So, what makes this book Trendy? For one, The Proudest Blue is brand new- the hard cover published just a week ago. More generally, this book follows in the recent trend in children’s literature of including more diverse characters as the central subjects of the story. Ibtihaj Muhammad, one of the authors, is a medalist for the USA with the 2016 Olympics fencing team who also happens to wear a hijab. With almost a week now passed since the annual commemoration of 9/11, many of the discussions I have heard as an educator have been about how we can inform children about what happened that is sensitive to the trauma of the tragedy. An aspect of the repercussions of that day that was not discussed was how it affected American Muslims and invited waves of hate and discrimination that they had to endure. I believe it is important to highlight this, especially with the current political climate of othering.
Now, to the book. The story follows two sisters, Faizah and Asiya, on their first day of school. But it isn’t just any first day. It is Asiya’s first hijab day, with her wearing it to school for the first time. Faizah is in awe of how beautiful the hijab is and looks forward to her own first hijab day. She gets questions about her sister’s new hijab in class and must find the courage to proudly explain what it is. It isn’t long before a boy at the school makes fun of Asiya’s hijab, calling it a “tablecloth” on her head. Interestingly, this is the same word Ibtihaj remembers a bully using when making fun of her hijab.
The text, cowritten with S. K. Ali, captures the pride Faizah has in her sister’s hijab and her own identity. She calls her sister a “princess” wearing the hijab. There are several double page spreads where Faizah describes Asiya’s blue hijab using similes that compare it with the sky and the ocean. The illustrations accompanying these spreads is beautifully done by Hatem Aly, as the hijab flows across the gutter into the other page, taking center stage. In fact, many of the illustrations are full bleed spreads that show the connection between the two sisters and the connection the hijab has to their identity. Even the jacket features full wraparound art that shows Asiya’s hijab bleed into the ocean and sky. The endpapers show the sisters with their parents and offer a bookend to the story for those observant enough to notice.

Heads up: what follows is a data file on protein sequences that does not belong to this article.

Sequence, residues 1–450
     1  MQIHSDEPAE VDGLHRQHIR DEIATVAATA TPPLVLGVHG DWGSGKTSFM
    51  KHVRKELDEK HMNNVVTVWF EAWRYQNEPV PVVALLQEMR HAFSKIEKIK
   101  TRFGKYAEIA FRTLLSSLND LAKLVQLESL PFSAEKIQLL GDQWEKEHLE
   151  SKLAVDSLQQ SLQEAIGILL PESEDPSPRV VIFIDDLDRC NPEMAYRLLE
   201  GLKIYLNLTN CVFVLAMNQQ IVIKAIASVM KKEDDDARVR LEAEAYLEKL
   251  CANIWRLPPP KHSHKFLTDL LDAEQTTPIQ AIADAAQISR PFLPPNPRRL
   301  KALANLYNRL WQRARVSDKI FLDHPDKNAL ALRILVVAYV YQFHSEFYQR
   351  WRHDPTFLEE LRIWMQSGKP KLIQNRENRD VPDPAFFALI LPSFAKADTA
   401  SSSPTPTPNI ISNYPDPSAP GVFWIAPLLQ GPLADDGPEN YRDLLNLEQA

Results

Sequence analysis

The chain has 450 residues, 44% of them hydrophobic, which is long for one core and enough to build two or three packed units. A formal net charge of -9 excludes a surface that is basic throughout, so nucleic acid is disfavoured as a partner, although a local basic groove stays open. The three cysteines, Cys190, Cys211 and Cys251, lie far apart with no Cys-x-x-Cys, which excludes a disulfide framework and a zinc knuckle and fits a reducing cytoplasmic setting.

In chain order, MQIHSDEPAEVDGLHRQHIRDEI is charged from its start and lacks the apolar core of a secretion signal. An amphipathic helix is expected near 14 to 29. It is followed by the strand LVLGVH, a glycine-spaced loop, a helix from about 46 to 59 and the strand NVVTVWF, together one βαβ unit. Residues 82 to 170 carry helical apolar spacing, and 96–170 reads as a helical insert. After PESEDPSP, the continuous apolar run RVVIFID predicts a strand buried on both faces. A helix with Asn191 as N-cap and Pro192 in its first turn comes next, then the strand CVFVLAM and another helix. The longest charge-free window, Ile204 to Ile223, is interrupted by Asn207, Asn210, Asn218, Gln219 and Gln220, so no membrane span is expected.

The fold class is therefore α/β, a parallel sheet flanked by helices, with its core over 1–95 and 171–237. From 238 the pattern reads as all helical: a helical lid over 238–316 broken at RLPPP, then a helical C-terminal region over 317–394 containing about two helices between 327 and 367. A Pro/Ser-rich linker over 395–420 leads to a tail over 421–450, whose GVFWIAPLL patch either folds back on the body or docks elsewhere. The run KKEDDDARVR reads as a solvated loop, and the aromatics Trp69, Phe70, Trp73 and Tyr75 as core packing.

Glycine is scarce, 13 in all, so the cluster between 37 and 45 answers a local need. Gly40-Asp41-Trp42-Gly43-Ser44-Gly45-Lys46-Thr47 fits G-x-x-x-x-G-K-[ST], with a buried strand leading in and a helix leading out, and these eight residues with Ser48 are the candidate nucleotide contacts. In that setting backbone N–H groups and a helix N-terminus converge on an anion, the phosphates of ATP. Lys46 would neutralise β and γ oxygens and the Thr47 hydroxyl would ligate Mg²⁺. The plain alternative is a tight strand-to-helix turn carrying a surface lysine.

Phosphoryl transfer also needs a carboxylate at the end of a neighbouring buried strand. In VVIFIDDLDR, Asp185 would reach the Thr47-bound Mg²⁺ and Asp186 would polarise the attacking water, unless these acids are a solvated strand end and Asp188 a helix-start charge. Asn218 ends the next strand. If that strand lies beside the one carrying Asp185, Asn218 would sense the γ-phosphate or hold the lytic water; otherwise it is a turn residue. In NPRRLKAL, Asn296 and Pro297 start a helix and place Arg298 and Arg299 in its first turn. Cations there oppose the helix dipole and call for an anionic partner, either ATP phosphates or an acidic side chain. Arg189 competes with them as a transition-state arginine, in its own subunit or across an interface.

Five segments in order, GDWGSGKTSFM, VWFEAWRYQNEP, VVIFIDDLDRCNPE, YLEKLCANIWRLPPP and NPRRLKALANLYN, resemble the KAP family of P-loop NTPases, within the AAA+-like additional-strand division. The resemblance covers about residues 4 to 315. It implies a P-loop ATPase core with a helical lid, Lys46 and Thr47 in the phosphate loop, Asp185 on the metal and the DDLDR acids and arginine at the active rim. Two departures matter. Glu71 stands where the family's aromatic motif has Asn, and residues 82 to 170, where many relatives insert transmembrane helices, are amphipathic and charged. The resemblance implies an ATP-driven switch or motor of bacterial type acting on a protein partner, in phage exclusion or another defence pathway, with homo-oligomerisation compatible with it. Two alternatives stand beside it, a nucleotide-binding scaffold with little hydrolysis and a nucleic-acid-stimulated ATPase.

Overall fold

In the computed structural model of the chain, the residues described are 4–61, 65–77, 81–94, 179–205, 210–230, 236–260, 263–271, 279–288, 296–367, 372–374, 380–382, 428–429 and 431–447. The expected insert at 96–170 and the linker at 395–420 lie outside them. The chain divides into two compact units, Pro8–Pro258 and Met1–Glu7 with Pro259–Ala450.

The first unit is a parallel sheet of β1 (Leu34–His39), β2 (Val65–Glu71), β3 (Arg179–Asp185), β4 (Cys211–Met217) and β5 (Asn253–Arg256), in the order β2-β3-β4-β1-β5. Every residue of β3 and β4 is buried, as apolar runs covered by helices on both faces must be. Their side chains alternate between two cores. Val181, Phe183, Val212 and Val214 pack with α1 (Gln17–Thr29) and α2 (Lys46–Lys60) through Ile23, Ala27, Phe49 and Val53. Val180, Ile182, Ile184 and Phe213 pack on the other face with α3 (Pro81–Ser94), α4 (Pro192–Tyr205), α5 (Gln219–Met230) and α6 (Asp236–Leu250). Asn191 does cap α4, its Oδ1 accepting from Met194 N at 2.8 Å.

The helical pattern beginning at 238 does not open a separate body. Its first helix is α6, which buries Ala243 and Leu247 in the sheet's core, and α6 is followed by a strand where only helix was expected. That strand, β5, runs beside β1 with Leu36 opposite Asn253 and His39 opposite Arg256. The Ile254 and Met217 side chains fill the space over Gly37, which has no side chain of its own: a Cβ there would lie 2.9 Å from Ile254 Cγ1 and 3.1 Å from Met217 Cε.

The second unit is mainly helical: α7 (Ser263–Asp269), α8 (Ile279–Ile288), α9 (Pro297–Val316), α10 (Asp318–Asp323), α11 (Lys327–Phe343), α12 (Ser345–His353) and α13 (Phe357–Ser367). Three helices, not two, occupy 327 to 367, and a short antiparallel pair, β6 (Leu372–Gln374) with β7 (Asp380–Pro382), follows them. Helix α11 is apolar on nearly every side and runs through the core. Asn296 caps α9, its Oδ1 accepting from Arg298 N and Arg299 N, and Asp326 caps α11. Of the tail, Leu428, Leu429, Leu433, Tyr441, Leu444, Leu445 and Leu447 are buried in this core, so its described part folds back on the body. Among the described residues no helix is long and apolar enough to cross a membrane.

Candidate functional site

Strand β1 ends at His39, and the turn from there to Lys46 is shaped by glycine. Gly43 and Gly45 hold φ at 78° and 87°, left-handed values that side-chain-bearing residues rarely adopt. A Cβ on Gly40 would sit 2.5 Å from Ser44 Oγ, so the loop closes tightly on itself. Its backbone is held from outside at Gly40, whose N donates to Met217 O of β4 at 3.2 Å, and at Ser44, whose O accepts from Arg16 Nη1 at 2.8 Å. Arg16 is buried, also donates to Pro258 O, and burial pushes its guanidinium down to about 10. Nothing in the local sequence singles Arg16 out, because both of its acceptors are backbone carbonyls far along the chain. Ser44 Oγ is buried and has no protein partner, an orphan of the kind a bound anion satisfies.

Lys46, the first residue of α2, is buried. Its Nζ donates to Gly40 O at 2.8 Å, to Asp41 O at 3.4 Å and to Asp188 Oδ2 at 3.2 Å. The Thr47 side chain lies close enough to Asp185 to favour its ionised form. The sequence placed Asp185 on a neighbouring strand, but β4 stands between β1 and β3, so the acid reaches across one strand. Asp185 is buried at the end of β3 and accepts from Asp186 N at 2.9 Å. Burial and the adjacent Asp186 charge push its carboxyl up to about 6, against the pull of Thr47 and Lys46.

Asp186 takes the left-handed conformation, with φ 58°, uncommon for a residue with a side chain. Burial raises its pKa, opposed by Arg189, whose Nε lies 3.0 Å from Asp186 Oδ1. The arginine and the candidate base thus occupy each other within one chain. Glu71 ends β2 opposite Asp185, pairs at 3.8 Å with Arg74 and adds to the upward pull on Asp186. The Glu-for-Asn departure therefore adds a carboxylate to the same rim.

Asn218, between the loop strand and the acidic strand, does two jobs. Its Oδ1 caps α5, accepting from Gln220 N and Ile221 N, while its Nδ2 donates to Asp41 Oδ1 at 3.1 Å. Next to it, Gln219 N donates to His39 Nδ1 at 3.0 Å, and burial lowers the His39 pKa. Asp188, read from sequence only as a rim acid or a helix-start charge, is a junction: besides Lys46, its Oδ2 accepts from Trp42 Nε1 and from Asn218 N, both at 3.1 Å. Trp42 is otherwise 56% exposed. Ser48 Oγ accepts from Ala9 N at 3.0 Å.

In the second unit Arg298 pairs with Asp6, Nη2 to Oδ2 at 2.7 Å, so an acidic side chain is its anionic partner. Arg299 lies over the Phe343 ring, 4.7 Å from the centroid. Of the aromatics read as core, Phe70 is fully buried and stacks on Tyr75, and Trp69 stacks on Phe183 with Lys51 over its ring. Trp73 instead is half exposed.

There are several good chapter books for children that touch on the topic of islamophobia. Jewell Parker Rhodes’ Towers Falling displays its effects on Sabeen and what 9/11 has changed for her life. Katherine Applegate’s Wishtree shows the unwelcoming nature of Samar’s neighbors. But there are not any picture books that I have encountered that address this issue. The Proudest Blue addresses the issue of islamophobia subtly, displaying it as a form of bullying. However, it is a book about more. It is a book about sisters who stick by each other; about children who are proud of who they are, even in the face of ridicule. Importantly, Ibtihaj makes the point in her author’s note that children of color who are not Muslims or hijabis can also relate to the experience of being “othered.”